Click here to monitor SSC
SQLServerCentral is supported by Red Gate Software Ltd.
 
Log in  ::  Register  ::  Not logged in
 
 
 
        
Home       Members    Calendar    Who's On


Add to briefcase «««678910»»

How to call a batch file to execute from an SP Expand / Collapse
Author
Message
Posted Tuesday, March 26, 2013 9:30 PM


SSCertifiable

SSCertifiableSSCertifiableSSCertifiableSSCertifiableSSCertifiableSSCertifiableSSCertifiableSSCertifiableSSCertifiable

Group: General Forum Members
Last Login: Yesterday @ 6:02 AM
Points: 7,135, Visits: 12,744
Sergiy (3/26/2013)
opc.three (3/26/2013)
[quote]Sergiy (3/26/2013)
He was not referring to sp_configure at all.

Oh, really?
What was that about then?

http://www.galileowaswrong.com/galileowaswrong
You're a clown, that's funny

It's sad you don't even realise how pathetic you are...



This from a guy that argues about the optimizer with Paul White...get a clue troll.


__________________________________________________________________________________________________
There are no special teachers of virtue, because virtue is taught by the whole community. --Plato
Post #1435750
Posted Tuesday, March 26, 2013 9:33 PM


SSCertifiable

SSCertifiableSSCertifiableSSCertifiableSSCertifiableSSCertifiableSSCertifiableSSCertifiableSSCertifiableSSCertifiable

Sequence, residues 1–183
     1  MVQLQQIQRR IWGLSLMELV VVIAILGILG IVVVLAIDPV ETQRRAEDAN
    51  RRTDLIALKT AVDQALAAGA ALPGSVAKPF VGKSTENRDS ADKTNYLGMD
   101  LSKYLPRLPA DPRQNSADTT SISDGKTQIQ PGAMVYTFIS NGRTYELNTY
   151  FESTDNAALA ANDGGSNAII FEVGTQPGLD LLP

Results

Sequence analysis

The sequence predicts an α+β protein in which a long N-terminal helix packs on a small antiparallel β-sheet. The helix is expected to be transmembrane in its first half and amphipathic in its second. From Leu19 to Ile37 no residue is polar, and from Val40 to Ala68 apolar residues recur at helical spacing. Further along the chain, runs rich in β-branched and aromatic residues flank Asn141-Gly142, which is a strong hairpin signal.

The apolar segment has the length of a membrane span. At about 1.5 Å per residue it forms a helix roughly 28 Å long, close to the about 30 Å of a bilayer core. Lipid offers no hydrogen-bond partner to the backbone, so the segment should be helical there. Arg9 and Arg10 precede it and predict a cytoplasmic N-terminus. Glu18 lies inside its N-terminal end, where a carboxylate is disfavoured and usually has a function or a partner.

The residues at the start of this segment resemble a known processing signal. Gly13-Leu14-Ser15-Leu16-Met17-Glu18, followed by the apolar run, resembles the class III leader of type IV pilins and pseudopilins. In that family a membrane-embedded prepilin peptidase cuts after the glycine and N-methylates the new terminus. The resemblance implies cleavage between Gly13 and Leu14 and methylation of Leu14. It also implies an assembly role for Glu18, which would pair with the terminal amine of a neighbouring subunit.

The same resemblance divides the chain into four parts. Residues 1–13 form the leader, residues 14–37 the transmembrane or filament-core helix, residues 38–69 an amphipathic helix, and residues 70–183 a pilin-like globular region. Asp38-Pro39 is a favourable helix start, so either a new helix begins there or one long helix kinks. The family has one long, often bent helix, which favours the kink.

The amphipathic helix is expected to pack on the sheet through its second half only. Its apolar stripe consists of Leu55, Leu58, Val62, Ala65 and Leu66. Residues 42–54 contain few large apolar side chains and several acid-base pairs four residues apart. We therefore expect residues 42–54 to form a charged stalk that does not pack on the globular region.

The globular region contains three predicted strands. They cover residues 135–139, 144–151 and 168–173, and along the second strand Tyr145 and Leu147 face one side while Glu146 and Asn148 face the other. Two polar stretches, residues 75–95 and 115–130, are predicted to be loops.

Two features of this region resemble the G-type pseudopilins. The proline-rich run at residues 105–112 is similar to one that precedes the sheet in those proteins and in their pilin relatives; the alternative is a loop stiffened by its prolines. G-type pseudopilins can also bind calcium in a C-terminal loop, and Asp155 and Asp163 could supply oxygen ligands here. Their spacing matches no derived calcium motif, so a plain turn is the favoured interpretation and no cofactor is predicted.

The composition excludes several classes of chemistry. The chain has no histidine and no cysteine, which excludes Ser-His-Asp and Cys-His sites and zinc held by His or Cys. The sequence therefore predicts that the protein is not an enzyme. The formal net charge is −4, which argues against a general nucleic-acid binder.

Group: General Forum Members
Last Login: Yesterday @ 6:02 AM
Points: 7,135, Visits: 12,744
Jeff, I respect your position, however vehemently I might disagree with it. You make valid points but for me, xp_cmdshell is not and never will be cast in a positive light and hope it is eventually dropped from the product like some of the other Extended Stored Procedures that have started to get picked off as the releases roll by.

__________________________________________________________________________________________________
There are no special teachers of virtue, because virtue is taught by the whole community. --Plato
Post #1435752
Posted Tuesday, March 26, 2013 9:45 PM


SSC-Dedicated

SSC-DedicatedSSC-DedicatedSSC-DedicatedSSC-DedicatedSSC-DedicatedSSC-DedicatedSSC-DedicatedSSC-DedicatedSSC-DedicatedSSC-DedicatedSSC-DedicatedSSC-DedicatedSSC-Dedicated

Group: General Forum Members
Last Login: Today @ 1:53 AM
Points: 35,540, Visits: 32,123
opc.three (3/26/2013)
Jeff, I respect your position, however vehemently I might disagree with it. You make valid points but for me, xp_cmdshell is not and never will be cast in a positive light and hope it is eventually dropped from the product like some of the other Extended Stored Procedures that have started to get picked off as the releases roll by.